Following up on Episode Four, where I established the deepest shadow colors on the vehicles and shaded all sections of the camo pattern. It is now time for the Great Experiment to begin!!
For the first time, I will use oil paints on a miniature and not a canvas. In fact, it's been at least 20+ years since I worked with oils, so this will be quite interesting!
I purchased a basic set of ten colors, which is all I will ever need. Paint mixing is something I am quite used to, so all I needed were the essential ochres, thalos and cadmiums.
Since the darker washes are still "active", all I need to do is apply some paint, and start mixing it with the still wet paint that is already on the figure! One important note... this thicker paint will stick to the surface since the underlying layers are very thin.
I used some left over filters to thin down the oil paint. Those are mostly white spirits anyway, so it makes a great paint thinner.
In this close up, you can see that I worked my way around the cables and other details, re-establishing lighter colors around them.
I was able to do some streaking on the mud guards, and all it took were straight line strokes moving downwards. Also, I added some brownish grey metal colors to the spare tracks before moving on to rust.
I didn't want to get too crazy applying the oils, so I let them set up for a bit before I tried to add decals. The Hungarian tanks will have much more use of the oil paints, since that pattern has a much harder edge.
It will take a while for these paints to completely dry, but the places where I am putting the decals were not where I was painting.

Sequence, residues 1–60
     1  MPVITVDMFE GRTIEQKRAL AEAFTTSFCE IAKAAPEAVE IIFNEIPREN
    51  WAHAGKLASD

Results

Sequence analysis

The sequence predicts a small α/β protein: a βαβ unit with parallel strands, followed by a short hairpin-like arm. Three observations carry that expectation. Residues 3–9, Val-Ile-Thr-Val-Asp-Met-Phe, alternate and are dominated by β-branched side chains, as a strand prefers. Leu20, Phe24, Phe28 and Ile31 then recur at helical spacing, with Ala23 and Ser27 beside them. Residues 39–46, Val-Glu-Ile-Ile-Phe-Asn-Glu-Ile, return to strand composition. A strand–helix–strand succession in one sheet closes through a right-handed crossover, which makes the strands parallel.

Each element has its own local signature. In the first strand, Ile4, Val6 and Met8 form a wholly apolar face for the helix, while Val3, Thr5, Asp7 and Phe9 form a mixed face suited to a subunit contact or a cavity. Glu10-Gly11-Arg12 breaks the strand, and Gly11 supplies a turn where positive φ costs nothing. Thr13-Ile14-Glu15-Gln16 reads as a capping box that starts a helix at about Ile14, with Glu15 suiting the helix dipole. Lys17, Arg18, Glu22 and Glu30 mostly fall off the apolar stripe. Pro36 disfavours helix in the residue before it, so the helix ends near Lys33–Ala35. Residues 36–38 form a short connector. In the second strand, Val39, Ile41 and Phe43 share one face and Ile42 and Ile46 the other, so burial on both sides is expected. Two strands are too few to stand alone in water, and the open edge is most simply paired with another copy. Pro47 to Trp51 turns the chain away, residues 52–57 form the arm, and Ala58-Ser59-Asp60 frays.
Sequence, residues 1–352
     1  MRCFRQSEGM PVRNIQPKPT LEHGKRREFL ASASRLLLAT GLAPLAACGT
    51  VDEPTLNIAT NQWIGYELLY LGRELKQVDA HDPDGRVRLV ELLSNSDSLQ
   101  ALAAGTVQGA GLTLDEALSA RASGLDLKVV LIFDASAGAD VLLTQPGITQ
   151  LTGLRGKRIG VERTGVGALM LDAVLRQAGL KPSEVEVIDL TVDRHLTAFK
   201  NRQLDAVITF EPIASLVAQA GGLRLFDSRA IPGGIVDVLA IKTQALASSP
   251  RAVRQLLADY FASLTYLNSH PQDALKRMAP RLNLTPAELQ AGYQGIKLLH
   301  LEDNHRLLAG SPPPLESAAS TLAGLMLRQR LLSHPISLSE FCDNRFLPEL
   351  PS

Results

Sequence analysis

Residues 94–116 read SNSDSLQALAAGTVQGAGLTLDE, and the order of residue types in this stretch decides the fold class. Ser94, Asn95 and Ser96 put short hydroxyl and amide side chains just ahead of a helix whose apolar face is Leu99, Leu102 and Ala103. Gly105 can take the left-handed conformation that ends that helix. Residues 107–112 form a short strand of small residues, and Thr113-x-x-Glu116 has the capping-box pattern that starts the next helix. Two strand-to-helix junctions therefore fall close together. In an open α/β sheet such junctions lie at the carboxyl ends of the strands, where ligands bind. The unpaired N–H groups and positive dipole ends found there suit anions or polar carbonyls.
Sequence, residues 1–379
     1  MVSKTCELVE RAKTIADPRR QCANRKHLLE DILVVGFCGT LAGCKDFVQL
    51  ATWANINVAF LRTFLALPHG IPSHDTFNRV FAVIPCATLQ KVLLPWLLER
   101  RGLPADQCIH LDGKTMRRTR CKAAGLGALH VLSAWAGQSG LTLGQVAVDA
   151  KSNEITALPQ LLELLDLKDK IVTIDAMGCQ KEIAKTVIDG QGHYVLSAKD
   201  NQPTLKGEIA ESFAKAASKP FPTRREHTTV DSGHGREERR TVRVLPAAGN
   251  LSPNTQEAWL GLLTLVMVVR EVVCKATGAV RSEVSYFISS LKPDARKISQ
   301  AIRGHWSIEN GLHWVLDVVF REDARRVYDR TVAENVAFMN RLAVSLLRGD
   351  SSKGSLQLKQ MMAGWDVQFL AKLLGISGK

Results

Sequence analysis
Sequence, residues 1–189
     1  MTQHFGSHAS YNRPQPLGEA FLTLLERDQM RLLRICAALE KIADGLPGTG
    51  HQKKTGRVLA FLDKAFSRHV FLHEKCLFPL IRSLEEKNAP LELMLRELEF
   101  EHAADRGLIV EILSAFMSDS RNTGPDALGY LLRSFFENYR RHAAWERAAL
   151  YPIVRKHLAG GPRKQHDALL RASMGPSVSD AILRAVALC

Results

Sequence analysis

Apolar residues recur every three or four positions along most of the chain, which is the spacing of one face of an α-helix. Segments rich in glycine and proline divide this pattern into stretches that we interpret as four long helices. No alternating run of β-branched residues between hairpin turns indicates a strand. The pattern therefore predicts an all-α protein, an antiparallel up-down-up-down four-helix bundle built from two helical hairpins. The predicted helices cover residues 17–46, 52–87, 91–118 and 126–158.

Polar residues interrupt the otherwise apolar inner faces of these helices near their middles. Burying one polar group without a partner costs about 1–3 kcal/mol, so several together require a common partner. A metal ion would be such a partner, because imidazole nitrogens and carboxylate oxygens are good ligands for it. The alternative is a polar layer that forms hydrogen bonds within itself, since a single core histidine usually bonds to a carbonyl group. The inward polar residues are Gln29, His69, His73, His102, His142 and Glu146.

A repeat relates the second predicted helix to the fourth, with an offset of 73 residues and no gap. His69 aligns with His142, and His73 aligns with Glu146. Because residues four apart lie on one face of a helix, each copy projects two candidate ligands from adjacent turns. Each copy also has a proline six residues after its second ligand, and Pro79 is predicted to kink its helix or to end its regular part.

I think I might have to do a separate article on decals, since I have compiled a few key tools that make them much easier to deal with now. For the moment, I will leave you with this image, and a tease that decal medium really does work!
Once these dried, they sank down into any crack or crevice, even the zimmerit.
This version of the chipping will be a faster, more basic method. While I will eventually work with the Mig AMMO chipping fluid, I needed to get these vehicles done in a hurry. Thus, I will use the sponge method.
I chopped up a few pieces of blister pack foam creating rough edges to make that chipping texture. Some of the chipping paint (acrylic) is placed on the palette, and then the sponge is pressed in. The excess paint is removed with a few test applications on a paper towel.
Here's a good example of the chipping along an edge. I didn't want to get too crazy with this.
I have been looking forward to weathering these! Keep in mind, additional weathering in the form of dust and mud will be done in later stages, so I have to make sure that I don't put too much of the chipping on there.
In the lower image, I used the smaller sponges to create scratch lines.
I also like to have the decals faded a bit by sponging on some of the background colors.
Once these processes were completed, I left the vehicles to dry and set.
They are now ready for a few more phases, such as painting the commanders, adding mud, dust, leaves and grass to the treads. Stay tuned!